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    You will have to make your computer DVD ROM drive region-free, which means flashing it with new firmware. Secondly, you need a tool on the OS level that allows you to switch regions without limits, e.g. DVD-Genie on Windows.
    For more info check out Infomatrix.
    -Christian
     
  6. cafink

    cafink Producer

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    This seems like a good place to ask…

    I have an APEX DVD player that I've modified to play discs from any region. I have discs from a few different regions, but all are NTSC. On the remote is a button labeled "P/N." The instruction booklet says that it's a PAL/NTSC toggle. If I hit it, the picture turns black-and-white and starts scrolling up and down (like there's a problem with the V-hold).

    What exactly does this button do? I can't use it to play PAL discs, can I? I was under the impression that most DVD players can't do that, especially cheap $75 ones.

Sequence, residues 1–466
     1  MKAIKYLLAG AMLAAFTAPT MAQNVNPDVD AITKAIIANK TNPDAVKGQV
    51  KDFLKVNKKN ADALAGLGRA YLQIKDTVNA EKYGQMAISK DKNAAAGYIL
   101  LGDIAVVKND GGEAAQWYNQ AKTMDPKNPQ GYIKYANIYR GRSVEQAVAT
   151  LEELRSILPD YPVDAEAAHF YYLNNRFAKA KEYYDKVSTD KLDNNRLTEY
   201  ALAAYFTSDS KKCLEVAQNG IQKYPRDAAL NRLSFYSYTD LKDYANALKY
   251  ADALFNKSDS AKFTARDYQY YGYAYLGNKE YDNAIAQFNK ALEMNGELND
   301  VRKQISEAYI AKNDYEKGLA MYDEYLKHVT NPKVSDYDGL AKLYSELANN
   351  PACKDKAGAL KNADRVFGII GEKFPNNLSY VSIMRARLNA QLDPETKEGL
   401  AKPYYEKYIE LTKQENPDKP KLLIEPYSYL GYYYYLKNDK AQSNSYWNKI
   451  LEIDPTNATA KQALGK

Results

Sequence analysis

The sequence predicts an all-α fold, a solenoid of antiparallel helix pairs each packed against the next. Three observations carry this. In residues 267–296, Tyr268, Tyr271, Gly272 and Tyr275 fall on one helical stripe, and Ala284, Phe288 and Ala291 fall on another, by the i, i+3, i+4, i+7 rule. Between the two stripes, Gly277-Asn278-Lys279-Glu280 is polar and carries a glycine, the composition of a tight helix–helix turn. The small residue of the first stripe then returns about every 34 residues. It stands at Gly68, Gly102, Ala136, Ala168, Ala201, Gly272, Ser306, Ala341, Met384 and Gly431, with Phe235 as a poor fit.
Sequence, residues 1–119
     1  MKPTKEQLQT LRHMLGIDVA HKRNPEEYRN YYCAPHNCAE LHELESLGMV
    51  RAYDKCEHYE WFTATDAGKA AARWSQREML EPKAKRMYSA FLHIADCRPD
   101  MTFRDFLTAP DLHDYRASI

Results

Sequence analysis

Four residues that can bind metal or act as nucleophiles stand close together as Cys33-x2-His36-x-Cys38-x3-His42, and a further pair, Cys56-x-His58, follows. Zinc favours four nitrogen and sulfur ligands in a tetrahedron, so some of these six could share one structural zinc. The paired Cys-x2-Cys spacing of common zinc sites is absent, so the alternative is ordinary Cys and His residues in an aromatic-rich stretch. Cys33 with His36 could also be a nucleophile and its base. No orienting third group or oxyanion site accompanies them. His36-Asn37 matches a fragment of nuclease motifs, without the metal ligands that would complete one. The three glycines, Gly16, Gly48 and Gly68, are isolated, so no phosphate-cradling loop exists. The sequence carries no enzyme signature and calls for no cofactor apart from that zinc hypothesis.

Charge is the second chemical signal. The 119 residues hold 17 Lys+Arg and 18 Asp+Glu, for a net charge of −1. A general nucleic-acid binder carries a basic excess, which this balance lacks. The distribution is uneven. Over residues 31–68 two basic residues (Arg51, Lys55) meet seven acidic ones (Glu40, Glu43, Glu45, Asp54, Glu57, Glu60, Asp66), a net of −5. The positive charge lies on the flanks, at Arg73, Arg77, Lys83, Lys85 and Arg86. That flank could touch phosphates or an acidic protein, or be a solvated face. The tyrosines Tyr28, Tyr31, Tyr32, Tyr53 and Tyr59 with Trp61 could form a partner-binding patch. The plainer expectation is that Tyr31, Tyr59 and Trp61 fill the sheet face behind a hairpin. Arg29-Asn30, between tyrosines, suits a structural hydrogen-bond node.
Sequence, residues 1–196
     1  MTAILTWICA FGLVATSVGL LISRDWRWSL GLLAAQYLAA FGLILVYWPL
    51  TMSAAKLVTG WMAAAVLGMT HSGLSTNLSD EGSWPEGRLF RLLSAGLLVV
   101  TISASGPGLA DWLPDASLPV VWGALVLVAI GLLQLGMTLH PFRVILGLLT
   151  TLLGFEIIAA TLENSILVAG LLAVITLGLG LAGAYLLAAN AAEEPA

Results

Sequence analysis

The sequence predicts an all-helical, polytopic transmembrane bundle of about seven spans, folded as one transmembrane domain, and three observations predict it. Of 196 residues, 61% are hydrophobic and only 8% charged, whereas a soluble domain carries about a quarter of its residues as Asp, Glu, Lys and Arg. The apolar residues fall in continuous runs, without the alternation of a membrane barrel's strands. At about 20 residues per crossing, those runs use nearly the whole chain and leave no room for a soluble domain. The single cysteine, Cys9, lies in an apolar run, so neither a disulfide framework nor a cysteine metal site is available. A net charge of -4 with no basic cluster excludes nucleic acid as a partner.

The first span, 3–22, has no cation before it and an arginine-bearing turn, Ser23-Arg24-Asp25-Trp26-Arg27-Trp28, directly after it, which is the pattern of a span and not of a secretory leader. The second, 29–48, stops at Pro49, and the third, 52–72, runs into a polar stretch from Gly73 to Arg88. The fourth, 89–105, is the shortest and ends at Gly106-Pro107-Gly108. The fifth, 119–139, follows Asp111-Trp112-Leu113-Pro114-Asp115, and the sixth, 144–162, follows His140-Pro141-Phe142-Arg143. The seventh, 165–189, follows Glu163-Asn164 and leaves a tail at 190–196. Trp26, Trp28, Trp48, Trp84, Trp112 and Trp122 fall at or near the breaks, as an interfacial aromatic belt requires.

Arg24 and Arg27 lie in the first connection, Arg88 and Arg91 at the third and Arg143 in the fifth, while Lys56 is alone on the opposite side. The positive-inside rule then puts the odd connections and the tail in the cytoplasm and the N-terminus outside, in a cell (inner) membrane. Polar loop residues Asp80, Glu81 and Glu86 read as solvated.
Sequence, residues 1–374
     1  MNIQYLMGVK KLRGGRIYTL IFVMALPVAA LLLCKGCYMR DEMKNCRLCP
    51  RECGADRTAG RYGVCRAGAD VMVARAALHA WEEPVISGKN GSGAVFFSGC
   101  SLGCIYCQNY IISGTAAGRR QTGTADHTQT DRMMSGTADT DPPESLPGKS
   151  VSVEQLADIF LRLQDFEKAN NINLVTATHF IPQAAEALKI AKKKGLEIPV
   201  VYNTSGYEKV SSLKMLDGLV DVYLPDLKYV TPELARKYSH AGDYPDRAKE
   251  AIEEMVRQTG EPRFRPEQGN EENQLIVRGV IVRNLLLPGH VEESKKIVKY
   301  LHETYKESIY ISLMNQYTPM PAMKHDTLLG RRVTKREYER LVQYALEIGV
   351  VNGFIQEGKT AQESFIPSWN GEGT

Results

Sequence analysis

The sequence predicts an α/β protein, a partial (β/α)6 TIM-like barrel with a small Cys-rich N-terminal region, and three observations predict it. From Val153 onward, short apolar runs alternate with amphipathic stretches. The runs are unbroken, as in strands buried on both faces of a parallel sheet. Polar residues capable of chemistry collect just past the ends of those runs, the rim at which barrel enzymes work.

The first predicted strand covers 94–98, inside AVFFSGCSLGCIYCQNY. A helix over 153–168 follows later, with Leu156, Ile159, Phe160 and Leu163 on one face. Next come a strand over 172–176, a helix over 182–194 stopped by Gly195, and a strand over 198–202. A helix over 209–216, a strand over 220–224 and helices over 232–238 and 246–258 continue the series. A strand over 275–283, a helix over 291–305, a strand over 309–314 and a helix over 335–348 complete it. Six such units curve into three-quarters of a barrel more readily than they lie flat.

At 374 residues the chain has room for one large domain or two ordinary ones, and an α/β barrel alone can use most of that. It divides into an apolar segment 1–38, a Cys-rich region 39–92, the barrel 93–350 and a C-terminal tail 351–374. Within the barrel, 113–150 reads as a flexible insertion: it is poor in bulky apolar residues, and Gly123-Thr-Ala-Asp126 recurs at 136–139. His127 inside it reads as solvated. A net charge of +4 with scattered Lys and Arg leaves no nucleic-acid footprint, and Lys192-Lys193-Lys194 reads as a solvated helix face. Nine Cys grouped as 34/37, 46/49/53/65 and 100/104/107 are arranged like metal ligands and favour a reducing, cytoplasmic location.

7. Neil Rudish

    Neil Rudish Auditioning

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  8. Neil Rudish

    Neil Rudish Auditioning

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  9. rutger_s

    rutger_s Supporting Actor

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    The Apex remotes have a button to switch from PAL to NTSC and Vice Versa. This is in case, the unit is set to MULTI in the TV settings. You can usually set it to the proper color system and never have to touch the P/N button.
     
  10. Michael St. Clair